Without the benefit of color to draw your eye and differentiate between different areas, you’re going to have to emphasize contrast in tones to avoid making your images flat and dull.
Identify potential compositions by examining the differences between the darkest and brightest areas in your scene. The degree of difference between the brightness of silver birch bark can serve as a powerful contrast against a darker woodland scene, for instance.
Besides shapes and contrasts, remember to pay attention to the different textures and patterns present in your scene. All of these visual elements, when combined, can help you to produce great results in black and white photography.
Dodge and Burn
Dodge and Burn is another tool that finds its roots in traditional darkrooms and is still used in digital post-production to brighten shadows or darken highlights.
The Dodge and Burn tool found in Photoshop gives you control over your mid-tones, shadows, and highlights. This allows you to darken bright elements in your image (burning), or brighten dark areas (dodging).
You can use the dodge and burn to produce greater texture and sharpness in your images. The tool also provides you with the ability to alter the opacity for greater control over hard edges.
15. Shoot in Different Seasons
The changing seasons will result in striking differences in the appearance of your tree. During the winter, you’ll be able to contrast the grey sky with the stark bare branches of the trees. During the spring, you’ll be able to capture the rebirth of life from dormancy in the dawning light.
Throughout Summer, you’ll be able to explore trees in their full glory as they’re heavy with leaves, fruits, and flowers. As autumn arrives, you’ll be gifted with a display of colors and fallen leaves that can produce deeply emotional imagery.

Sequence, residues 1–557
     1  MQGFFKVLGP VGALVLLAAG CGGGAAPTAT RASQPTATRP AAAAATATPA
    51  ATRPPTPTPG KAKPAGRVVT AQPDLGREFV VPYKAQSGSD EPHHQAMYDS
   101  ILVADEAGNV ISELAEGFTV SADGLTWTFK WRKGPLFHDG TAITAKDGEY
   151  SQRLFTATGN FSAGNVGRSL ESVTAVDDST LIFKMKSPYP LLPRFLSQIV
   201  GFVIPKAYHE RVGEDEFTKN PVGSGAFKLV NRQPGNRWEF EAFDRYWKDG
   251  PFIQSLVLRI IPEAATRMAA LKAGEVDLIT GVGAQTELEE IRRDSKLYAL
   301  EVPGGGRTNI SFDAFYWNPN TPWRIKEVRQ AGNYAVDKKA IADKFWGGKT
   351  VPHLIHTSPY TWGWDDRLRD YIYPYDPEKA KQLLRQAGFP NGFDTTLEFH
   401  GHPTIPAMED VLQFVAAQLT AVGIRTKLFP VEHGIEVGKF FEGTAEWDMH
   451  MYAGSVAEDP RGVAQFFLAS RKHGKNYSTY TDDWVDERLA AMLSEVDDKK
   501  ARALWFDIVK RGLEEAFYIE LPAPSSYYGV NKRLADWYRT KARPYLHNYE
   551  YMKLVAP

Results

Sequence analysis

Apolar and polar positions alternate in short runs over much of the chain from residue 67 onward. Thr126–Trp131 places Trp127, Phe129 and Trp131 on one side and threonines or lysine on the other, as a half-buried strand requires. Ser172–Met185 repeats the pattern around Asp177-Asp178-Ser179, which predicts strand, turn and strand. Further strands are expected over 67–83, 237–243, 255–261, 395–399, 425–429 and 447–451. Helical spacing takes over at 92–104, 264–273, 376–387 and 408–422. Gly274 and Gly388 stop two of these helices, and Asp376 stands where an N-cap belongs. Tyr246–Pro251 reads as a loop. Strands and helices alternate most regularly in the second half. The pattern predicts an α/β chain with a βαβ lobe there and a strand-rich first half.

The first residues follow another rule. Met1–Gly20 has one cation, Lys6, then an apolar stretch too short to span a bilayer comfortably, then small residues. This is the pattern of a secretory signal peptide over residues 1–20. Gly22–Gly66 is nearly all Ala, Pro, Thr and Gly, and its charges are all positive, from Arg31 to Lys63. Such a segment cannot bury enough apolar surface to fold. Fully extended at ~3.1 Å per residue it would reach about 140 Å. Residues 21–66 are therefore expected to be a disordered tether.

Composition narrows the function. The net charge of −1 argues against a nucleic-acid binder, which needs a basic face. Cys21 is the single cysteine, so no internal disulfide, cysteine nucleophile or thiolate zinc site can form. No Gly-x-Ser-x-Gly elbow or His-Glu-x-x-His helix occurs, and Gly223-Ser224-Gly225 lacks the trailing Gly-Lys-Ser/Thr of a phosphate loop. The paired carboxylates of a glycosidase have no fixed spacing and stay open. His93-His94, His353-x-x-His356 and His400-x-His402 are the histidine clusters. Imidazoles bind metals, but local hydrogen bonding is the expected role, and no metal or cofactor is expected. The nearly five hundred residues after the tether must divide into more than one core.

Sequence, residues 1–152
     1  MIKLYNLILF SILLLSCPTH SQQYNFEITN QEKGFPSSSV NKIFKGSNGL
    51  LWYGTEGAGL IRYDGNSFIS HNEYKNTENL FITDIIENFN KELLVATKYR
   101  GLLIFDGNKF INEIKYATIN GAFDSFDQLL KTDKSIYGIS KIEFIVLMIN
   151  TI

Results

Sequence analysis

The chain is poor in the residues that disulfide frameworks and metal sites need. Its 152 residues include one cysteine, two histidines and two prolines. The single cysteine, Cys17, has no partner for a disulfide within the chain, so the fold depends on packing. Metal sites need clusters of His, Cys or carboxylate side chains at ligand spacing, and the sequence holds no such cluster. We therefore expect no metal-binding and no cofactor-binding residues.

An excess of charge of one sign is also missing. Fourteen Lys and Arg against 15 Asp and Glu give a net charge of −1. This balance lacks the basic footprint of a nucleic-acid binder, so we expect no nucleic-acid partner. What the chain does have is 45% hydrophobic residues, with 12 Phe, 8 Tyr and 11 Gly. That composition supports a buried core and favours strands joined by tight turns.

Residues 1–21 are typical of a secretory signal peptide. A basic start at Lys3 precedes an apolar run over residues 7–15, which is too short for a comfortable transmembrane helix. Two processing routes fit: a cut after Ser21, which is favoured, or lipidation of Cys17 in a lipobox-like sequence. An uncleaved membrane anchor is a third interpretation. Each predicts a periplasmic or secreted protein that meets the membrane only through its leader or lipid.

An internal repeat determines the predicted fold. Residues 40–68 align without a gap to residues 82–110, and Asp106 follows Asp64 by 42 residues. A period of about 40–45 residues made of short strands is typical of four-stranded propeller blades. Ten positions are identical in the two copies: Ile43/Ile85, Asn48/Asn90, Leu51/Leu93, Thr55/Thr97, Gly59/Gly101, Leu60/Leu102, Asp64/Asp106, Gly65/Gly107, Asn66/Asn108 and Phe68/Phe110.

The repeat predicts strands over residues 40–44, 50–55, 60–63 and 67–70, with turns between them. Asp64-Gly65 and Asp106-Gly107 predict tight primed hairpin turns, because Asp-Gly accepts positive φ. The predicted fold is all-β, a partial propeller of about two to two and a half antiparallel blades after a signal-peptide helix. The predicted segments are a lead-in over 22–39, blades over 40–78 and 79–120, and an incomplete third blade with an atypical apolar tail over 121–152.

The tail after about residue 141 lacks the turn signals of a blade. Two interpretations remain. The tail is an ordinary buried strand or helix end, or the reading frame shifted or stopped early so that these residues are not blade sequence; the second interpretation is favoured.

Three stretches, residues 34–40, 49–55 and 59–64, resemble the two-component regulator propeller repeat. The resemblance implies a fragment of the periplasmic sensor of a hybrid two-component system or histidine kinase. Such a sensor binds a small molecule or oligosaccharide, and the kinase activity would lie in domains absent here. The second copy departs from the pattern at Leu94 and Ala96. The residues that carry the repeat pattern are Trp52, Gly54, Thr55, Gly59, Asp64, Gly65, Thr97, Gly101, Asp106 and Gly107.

The lighting of the seasons also has dramatic effects on the appearance of the tree. Whether you’re capturing shadows cast by the tree or focusing on the sunlight as it filters through the leaves, you’ll discover that every season brings its own character. Snows, floods, droughts, even ice storms can turn trees into magical features of the landscape that can be the subject of breathtaking photos.
Tree Photography during Autumn
During the autumn months, green leaves transform into the striking reds, oranges, and yellows commonly associated with autumn. New England draws photographers from all over seeking to capture this change, as does New Zealand.
It’s important to know that the colors won’t be there for the whole season, however. In some cases, the shift from bright green to brittle brown can happen in just a week. Be sure to research the area you want to shoot so you can determine how long it takes for the color to change, and where you can best capture them.
Resource: 20 Tips For Amazing Fall Photography
Tree Photography During Winter
Winter brings many unique elements for photography, and frost is considered by some to be chief among them. The exquisite, ephemeral patterns traced on surfaces by frost can utterly transform their character.
This time of year brings wonderful opportunities to focus on black and white photography. The lack of leaves highlights the intricate twisting shapes of bare branches. By eliminating color from your images, you can emphasize the unique shapes and textures of bare trees.
Tree Photography During Spring
During spring, the world is bursting forth with growth and life. The trees will be producing dazzling flowers and leave you can use as the focus of your images.
Unlike other seasons you’ll discover that the colors you’ll find in spring are soft, with a predominantly pastel palette. This can be a great opportunity to create a gentle atmosphere in your images.
To create a gentle atmosphere consider focusing on the flowers using a shallow depth of field. A macro lens can also be a great tool to create this effect. Using a macro lens will enable you to capture leaves and budding flowers in great detail.
If you’re looking for something more vibrant, consider enhancing the colors in post-production. You can use sliders such as vibrancy and saturation to accomplish this.
Producing great photos requires three essential things: a subject, attention to detail, and experimenting with numerous compositions. Don’t be averse to spending an entire day focusing on photographing a single tree or even just a single element of a tree. The time you spend will pay out ample rewards in terms of stunning compositions.